Missouri power companies would track costs for operations and maintenance for their next rate case under proposed state legislation.
The tracker would be used to compare the difference between the costs factored into electric rates and the expenses the power company incurs. The differences would be included in the calculation for electric rates when the utility files its next case with the Public Service Commission.
Lawmakers this year have been debating changes to the regulation of investor-owned electric utilities. The tracker is part of a proposal that also would allow power companies to seek approval for an infrastructure surcharge to be levied between formal rate cases. Most of the attention so far has been on the surcharge.
Advocates for consumers are critical of both proposals.
John Coffman, the chief counsel for the Consumers Council of Missouri, said the tracker would gather costs into a bucket for future collection instead of a set allowance for the expenses based upon what the costs reasonably assumed will be. He called the change “radical” and said trackers are “anti-consumer.”
“It’s a type of regulation that removes what I see as the good incentives in the current law to encourage cost-efficient behavior,” said Coffman, who previously was the state public counsel responsible for representing ratepayers before regulators.
Supporters of the legislation said the tracker would boost transparency.
Irl Scissors, the executive director of Missourians for a Balanced Energy Future, said the tracker would show precisely how the utility spends its money. He said that 27 states allow power companies to forecast those types of costs and that the proposal in Missouri is tighter. He said the tracker also would measure savings when the power company trims expenses and called it “hogwash” that the proposal would amount to a blank check.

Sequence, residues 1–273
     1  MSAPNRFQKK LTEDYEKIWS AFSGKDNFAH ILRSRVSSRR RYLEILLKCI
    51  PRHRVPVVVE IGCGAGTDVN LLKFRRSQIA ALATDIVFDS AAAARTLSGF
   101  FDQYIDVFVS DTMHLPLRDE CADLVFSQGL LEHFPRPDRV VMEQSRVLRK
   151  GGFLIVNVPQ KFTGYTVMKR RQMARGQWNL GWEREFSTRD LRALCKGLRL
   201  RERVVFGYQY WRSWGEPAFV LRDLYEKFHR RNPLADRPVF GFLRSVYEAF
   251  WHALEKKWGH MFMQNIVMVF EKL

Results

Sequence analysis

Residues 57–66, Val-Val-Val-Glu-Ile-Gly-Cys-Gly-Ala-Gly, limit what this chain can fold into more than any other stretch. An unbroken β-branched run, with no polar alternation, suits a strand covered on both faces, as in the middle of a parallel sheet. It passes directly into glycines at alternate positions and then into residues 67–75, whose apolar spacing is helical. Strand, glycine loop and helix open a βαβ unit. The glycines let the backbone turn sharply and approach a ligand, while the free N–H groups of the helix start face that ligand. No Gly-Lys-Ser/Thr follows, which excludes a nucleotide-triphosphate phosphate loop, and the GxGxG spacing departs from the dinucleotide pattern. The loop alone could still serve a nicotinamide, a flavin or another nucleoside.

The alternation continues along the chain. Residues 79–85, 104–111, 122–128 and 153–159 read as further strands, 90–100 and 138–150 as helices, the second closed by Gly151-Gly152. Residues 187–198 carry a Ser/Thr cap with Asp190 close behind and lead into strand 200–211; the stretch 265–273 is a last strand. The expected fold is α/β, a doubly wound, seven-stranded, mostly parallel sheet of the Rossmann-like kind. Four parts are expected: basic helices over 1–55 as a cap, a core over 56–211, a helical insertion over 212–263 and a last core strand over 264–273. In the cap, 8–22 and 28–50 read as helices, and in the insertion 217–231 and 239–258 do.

“The Missouri model is much more transparent, much stricter. It maintains full PSC authority,” Scissors said.
The tracker would not count labor costs for company officers and incentive pay that is based upon company earnings. Regulators could review whether expenses were prudently incurred.
A coalition of investor-owned power companies, including Kansas City Power & Light, was formed to push the utility legislation. At a House Utilities Committee public hearing on the legislation last week, KCP&L’s Paul Snider said the operations and maintenance tracker is important for utilities’ efforts to modernize Missouri’s electric grid and to create jobs.
“This is a key component of the bill that allows companies to continue to invest and have a means to recover those costs,” he said.
The Fair Energy Rate Action Fund, which opposes the bill, estimated the tracker could have added more than $200 million dollars to customer bills during the past five years.